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Political Rivalry and International Economic Competition: the centralization of captial and the outbreak of World War I

Grant number: 11/19356-4
Support type:Scholarships in Brazil - Scientific Initiation
Effective date (Start): January 01, 2012
Effective date (End): December 31, 2012
Field of knowledge:Applied Social Sciences - Economics - International Economy
Principal researcher:Eduardo Barros Mariutti
Grantee:Thomas Victor Conti
Home Institution: Instituto de Economia (IE). Universidade Estadual de Campinas (UNICAMP). Campinas , SP, Brazil

Abstract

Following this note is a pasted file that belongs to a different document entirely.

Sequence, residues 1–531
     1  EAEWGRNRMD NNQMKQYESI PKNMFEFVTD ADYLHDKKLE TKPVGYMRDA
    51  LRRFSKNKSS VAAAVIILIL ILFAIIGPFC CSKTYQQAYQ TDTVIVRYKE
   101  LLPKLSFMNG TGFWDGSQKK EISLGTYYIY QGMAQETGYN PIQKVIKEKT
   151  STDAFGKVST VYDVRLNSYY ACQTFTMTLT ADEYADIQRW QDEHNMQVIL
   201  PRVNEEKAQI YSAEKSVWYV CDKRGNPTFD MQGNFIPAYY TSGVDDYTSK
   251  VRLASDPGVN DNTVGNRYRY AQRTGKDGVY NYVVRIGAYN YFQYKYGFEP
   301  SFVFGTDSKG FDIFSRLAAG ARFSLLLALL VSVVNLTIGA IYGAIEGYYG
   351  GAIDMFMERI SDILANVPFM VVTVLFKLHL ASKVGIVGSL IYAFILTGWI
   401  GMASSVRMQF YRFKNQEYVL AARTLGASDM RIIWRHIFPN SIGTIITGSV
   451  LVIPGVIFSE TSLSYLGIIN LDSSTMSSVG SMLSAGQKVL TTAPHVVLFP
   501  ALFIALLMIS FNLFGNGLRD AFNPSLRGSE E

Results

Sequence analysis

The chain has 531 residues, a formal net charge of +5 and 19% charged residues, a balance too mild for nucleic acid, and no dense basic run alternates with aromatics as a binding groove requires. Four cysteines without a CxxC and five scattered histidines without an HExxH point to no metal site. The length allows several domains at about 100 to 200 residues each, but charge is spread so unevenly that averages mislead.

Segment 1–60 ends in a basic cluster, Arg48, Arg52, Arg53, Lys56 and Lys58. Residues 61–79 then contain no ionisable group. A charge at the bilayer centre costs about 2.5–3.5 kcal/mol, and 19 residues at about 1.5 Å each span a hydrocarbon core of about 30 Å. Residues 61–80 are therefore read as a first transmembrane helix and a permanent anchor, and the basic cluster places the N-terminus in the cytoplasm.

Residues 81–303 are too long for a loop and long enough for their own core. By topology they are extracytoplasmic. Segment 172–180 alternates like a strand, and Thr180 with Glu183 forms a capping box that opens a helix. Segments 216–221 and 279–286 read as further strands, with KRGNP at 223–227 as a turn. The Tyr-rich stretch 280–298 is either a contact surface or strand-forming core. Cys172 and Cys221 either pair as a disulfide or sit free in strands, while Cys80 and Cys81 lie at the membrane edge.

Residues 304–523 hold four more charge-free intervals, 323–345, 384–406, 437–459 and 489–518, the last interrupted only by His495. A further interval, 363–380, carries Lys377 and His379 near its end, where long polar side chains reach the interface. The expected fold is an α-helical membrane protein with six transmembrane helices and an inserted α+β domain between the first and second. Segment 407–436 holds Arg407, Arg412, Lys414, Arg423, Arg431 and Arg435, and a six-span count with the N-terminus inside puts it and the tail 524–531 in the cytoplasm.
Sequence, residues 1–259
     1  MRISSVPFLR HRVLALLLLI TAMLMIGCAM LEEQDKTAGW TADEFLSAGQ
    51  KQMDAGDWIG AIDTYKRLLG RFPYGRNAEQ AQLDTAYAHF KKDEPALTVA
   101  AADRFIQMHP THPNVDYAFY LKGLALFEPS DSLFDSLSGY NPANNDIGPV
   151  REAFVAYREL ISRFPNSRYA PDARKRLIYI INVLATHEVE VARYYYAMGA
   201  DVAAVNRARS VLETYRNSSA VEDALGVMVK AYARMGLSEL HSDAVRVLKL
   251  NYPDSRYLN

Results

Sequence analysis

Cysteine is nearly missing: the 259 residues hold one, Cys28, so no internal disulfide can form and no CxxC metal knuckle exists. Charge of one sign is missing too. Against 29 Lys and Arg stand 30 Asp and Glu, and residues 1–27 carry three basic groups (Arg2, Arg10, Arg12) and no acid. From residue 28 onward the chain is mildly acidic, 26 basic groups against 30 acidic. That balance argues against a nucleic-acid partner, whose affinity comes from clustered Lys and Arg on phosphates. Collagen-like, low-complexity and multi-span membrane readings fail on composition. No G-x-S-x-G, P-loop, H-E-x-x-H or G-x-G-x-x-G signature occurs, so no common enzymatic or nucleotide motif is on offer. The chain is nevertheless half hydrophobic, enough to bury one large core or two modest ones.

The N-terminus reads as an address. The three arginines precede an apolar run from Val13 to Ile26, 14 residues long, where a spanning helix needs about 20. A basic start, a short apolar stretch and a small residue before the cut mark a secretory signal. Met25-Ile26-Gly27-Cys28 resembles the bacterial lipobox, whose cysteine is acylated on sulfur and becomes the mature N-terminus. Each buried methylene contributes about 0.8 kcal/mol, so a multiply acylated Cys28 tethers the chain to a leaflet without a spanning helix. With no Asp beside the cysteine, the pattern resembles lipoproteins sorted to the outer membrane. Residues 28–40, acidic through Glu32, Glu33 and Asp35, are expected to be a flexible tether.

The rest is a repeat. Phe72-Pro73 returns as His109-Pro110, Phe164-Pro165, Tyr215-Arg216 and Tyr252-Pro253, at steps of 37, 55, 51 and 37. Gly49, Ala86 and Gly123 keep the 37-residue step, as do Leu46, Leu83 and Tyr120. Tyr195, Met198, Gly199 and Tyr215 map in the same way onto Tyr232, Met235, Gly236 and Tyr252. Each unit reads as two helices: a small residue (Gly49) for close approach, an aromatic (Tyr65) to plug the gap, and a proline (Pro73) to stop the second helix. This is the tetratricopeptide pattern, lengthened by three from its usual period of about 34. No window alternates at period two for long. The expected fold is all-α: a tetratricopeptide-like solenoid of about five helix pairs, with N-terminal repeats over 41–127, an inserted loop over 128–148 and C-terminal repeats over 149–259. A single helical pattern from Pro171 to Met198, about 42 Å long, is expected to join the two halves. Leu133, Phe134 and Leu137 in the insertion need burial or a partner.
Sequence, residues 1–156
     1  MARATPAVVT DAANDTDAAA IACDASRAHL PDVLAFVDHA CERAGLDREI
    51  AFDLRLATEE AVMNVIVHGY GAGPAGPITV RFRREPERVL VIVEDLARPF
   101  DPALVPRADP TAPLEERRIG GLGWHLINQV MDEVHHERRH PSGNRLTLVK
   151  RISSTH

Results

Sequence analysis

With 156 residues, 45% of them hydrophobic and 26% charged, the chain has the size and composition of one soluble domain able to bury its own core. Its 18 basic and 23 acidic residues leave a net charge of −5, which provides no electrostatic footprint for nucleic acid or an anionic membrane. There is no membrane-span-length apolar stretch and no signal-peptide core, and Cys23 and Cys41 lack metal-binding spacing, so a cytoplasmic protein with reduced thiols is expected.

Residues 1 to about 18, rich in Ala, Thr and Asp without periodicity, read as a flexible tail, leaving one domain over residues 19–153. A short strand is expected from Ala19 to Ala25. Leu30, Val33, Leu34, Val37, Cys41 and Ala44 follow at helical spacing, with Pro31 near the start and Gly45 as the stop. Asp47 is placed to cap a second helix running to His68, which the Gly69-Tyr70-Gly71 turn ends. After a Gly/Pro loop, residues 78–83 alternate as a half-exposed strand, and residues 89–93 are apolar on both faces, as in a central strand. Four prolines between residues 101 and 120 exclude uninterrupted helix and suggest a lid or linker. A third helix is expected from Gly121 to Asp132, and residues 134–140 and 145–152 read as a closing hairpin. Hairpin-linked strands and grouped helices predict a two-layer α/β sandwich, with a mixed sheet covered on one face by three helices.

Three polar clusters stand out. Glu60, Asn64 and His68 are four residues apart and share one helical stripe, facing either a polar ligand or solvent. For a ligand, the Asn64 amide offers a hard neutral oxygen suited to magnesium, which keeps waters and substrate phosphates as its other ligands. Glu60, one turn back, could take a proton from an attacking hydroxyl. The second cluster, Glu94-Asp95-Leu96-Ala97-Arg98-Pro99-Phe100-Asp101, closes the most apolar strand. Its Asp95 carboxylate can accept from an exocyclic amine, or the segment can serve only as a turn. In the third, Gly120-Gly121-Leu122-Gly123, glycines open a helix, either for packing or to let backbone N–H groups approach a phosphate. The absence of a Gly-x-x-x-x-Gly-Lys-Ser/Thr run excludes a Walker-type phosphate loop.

The objective of this research is to understand the nature of the imperialist forces at the end of the nineteenth century that were responsible for the crisis of British hegemony and the outbreak of the First World War. We start with a central hypothesis: the British order was originally based on its dominance in international trade. However, the process of centralization of capital spread the industrialization to a limited set of countries, what enabled a new kind of political rivalry, based on the symbiosis between the national capital and the state, increasingly supported by nationalism. The competition between national capitals engendered an expansionist policy that divided the world into spheres of influence increasingly hostile, who, on assuming a bipolar shape, resulted in the Great War.